Have you ever heard of Postpartum Psychosis? 

It is a rare illness in mothers and occurs in approximately 1 to 2 out of every 1,000 deliveries, or approximately .1 -.2% of births.

Although rare, it is important to talk about. With a sudden onset usually in the first 2 weeks postpartum (sometimes even hours after delivery), this mental health disorder involves a disconnect from reality for mothers. If you notice that a friend or family member is acting unlike themselves and experiencing delusions/hallucinations, reach out for medical help immediately.

What does postpartum psychosis look like?

Mothers often experience hallucinations or paranoia that make sense to her, but may not be logical to someone else. The majority of women who experience postpartum psychosis are not harmful or violent, although this can be a concern with this illness. There is approximately a 5% suicide rate of women experiencing postpartum psychosis, and a 4% infanticide rate.

Getting moms the medical help they need is crucial.

Symptoms of postpartum psychosis can include:

  • Delusions or strange beliefs

  • Hallucinations (seeing or hearing things that aren’t there)

  • Feeling very irritated

  • Hyperactivity

  • Decreased need for or inability to sleep

  • Paranoia and suspiciousness

  • Rapid mood swings

  • Difficulty communicating at times

What are the risk factors?

While some mothers experience postpartum psychosis even though they have no previous mental health concerns, some risk factors include a previous psychotic episode or even a previous history or family history of bipolar disorder.

If you have a risk of developing postpartum psychosis, it can help to put a plan in order for your postpartum period. Have meetings with everyone involved in your care – your midwife, OB, mental health provider, family, friends and partner. Let them know about the symptoms and what to look out for.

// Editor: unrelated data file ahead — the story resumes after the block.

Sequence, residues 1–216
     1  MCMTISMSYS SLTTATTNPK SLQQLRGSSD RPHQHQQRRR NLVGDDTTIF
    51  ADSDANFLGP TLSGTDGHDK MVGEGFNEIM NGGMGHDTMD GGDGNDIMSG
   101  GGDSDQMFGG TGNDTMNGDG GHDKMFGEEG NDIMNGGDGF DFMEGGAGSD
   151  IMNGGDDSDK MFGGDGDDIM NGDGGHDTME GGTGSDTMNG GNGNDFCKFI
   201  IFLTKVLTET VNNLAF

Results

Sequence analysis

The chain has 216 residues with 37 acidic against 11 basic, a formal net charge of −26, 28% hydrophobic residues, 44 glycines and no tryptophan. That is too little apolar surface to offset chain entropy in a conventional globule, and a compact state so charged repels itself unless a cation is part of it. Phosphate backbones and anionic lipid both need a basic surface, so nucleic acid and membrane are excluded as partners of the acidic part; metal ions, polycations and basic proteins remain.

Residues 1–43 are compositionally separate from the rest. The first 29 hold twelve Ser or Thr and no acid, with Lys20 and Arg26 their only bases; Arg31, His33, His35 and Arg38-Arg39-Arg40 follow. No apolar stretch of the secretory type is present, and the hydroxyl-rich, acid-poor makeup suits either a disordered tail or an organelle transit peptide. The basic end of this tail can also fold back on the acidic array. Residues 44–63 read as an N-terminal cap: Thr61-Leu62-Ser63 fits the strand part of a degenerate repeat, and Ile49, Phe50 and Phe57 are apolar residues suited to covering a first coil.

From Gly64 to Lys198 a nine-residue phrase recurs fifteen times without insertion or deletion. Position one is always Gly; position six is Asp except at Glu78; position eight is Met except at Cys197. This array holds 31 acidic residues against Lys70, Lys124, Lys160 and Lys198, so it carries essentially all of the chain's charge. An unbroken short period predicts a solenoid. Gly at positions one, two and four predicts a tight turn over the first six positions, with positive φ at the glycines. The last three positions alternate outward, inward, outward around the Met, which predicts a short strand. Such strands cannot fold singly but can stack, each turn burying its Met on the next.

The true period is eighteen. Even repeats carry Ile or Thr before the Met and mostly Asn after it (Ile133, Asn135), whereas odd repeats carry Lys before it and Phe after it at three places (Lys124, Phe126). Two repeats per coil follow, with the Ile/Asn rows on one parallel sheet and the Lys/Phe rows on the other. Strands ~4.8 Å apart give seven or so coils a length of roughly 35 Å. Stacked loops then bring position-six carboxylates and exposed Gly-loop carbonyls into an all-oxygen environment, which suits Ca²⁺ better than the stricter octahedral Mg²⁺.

It is important for mothers to reach out immediately if they feel they may be experiencing postpartum psychosis.  Let someone know that you feel you might be experiencing psychosis, and you need medical help immediately.

I have survived postpartum psychosis. What support is available?

If you have survived postpartum psychosis, know that you are not alone. There are support options for mothers who have specifically experienced postpartum psychosis. Postpartum Support International offers support group for survivors every Monday at 7:30 pm ET. For family members, they offer a support group every 1st Wednesday of the month at 7 pm ET. Visit their website for support group options.

Often times, mothers will go through their entire lives not meeting another mom who will openly talk about her postpartum psychosis experience. Know that you are not alone and there are groups that you can join to get support.

Please find the below resources as a guide for healing.

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